What’s New in gala v1.0?

Great circle coordinate systems

Great circle coordinate frames (GCFs) are heliocentric coordinate systems that are typically specified as a rotation away from standard equatorial ICRS coordinates. The resulting longitude and latitude components of a GCF specify the angle along the great circle and the angle perpendicular (in gala, we use \(\phi_1\) / phi1 to represent the longitude, and \(\phi_2\) / phi2 to represent the latitude). These frames are typically defined by specifying the coordinate of the pole of the great circle, and either the origin, \((\phi_1, \phi_2) = (0, 0)\), or the longitude of the old system (i.e. ICRS) to put at longitude \(\phi_1 = 0\) in the new frame. The new GreatCircleICRSFrame supports both of these options, along with two other possible ways for defining a GCF: by specifying two points along the great circle in the old frame, and by directly specifying the cartesian basis of the GCF in the old coordinate system. For example, to create a GCF from a pole and longitude zero-point:

>>> import astropy.units as u
>>> from astropy.coordinates import SkyCoord
>>> from gala.coordinates import GreatCircleICRSFrame
>>> pole = SkyCoord(ra=255*u.deg, dec=-11.5*u.deg)
>>> gcf = GreatCircleICRSFrame(pole=pole, ra0=170*u.deg)

Or, to create a GCF from two endpoints along a great circle:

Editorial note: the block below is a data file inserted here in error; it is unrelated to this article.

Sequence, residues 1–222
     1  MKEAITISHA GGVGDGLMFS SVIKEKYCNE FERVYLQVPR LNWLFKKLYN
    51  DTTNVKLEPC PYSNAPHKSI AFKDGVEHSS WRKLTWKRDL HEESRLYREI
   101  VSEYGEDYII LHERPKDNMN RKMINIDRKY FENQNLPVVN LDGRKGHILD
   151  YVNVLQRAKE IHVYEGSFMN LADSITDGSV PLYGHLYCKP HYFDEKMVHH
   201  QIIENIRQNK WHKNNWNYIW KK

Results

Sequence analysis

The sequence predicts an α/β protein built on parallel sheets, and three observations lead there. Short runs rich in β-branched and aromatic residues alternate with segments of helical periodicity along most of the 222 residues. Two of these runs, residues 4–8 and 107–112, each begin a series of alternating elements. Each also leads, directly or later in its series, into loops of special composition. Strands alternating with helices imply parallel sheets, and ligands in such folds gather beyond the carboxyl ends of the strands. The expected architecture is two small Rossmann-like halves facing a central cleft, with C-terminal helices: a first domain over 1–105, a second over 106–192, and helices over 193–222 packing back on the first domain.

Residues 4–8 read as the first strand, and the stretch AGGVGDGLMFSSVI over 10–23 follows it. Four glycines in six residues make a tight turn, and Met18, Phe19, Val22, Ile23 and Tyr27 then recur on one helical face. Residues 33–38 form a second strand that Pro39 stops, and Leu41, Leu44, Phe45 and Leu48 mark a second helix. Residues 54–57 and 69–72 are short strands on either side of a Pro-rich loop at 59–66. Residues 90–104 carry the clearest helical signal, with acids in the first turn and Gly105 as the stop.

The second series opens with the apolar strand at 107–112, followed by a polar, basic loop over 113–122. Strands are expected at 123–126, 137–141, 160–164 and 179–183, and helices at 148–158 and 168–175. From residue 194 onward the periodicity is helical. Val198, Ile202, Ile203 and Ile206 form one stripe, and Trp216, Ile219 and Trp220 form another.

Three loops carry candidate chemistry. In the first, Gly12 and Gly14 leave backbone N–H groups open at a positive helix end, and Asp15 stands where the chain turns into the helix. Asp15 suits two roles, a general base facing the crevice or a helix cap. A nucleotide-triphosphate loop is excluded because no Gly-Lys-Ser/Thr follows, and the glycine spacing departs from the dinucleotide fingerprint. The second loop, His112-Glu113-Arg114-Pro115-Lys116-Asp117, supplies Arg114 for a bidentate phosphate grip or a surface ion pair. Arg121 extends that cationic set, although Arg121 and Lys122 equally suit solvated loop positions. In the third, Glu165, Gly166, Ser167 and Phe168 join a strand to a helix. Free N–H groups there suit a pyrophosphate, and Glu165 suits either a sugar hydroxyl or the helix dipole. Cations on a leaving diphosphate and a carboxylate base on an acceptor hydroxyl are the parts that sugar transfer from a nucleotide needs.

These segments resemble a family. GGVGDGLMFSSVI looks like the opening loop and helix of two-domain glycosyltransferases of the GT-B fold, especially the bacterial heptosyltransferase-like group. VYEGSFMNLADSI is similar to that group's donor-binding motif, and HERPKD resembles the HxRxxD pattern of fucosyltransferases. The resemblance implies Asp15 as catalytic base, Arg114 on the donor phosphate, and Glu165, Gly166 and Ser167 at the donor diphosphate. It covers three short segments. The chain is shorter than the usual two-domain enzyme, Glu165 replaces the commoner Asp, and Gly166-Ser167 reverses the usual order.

>>> pt1 = SkyCoord(ra=170.*u.deg, dec=23.18*u.deg)
>>> pt2 = SkyCoord(ra=125.7*u.deg, dec=-72.2*u.deg)
>>> gcf2 = GreatCircleICRSFrame.from_endpoints(pt1, pt2)

However you define a great circle frame, these can be used with the Astropy coordinate transformation machinery to transform positions and velocity components to and from this and other coordinate frames. For example, to transform a grid of points along latitude=0 in one of these systems to Galactic coordinates to plot the great circle on the sky, we can do:

>>> import numpy as np
>>> grid_c = SkyCoord(phi1=np.linspace(0, 360, 128)*u.deg, phi2=0*u.deg,
...                   frame=gcf2)
>>> grid_c = grid_c.galactic

When plotted, this would show the track of the great circle in Galactic coordinates, i.e.:

import astropy.units as u
from astropy.coordinates import SkyCoord
from gala.coordinates import GreatCircleICRSFrame
import matplotlib.pyplot as plt

pt1 = SkyCoord(ra=170.*u.deg, dec=23.18*u.deg)
pt2 = SkyCoord(ra=125.7*u.deg, dec=-72.2*u.deg)
gcf2 = GreatCircleICRSFrame.from_endpoints(pt1, pt2)

grid_c = SkyCoord(phi1=np.linspace(0, 360, 128)*u.deg, phi2=0*u.deg,
                 frame=gcf2)
grid_c = grid_c.galactic

plt.figure(figsize=(6, 4))
plt.plot(grid_c.l.degree[grid_c.l.degree.argsort()],
        grid_c.b.degree[grid_c.l.degree.argsort()],
        ls='-', marker='')
plt.xlabel('$l$ [deg]')
plt.ylabel('$b$ [deg]')
plt.tight_layout()

(Source code, png)

../_images/1-0-1.png

New potential models, including MWPotential2014

Gala now contains an implementation of the Galpy / Bovy 2015 MWPotential2014, here called BovyMWPotential2014. This potential class can be used like any other potential object in Gala, for example, for orbit integration. As a brief demo, here we compare the orbit of a Milky Way halo object in BovyMWPotential2014 as compared to the default Gala Milky Way model implemented as MilkyWayPotential: